Billionaire Horse Breeder’s Polio Shot to Undercut Glaxo
Indian billionaire Cyrus Poonawalla, founder of the world’s biggest maker of vaccines, will slash the price of polio immunization and introduce shots for diarrhea and pneumonia, undercutting Pfizer Inc. and GlaxoSmithKline Plc. (GSK)
Poonawalla, who set up the Serum Institute of India Ltd. in 1966, will use last year’s acquisition of a Dutch vaccine business to add the injectable form of polio inoculation to the oral drops the Pune, India-based company supplies to organizations such as the United Nations Children’s Fund, he said. The closely held group also plans to sell a low-cost pneumococcal shot to compete with Pfizer’s $4 billion Prevnar pneumonia vaccine by 2016.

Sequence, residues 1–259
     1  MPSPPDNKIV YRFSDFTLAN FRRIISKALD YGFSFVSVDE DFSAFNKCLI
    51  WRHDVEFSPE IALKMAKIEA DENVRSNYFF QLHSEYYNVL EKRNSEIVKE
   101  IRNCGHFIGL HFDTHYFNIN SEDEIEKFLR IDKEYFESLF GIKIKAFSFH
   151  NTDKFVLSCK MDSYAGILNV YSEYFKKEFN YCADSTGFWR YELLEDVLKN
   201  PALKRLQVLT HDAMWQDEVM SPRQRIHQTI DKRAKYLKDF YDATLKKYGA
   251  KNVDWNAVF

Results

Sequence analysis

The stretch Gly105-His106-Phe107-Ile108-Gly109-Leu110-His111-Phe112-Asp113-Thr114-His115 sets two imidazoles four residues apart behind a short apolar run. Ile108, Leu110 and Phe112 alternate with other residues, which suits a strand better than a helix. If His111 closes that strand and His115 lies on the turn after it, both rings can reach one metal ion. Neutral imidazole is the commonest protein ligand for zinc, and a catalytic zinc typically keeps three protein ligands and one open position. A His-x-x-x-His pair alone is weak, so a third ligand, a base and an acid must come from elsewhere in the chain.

The plan by Serum Institute, which says it supplies vaccines used to immunize two out of three children worldwide, will “revolutionize” efforts to eradicate polio that affects nerves and results in paralysis, said Bruce Aylward, assistant director-general at the World Health Organization. The Bill & Melinda Gates Foundation, a key funder of the effort to exterminate the malady, has backed the proposal as oral drops, made of live virus, carry the risk of infection.
“On May 30, Mr. Gates came over for a private dinner at my house,” and asked that Serum Institute remain family-owned, Poonawalla, 71, who also rears thoroughbred racehorses, said in an interview at the company’s headquarters. “The obvious reason was that, as soon as we sell the company, ‘big pharma’ would immediately double the price of vaccines.”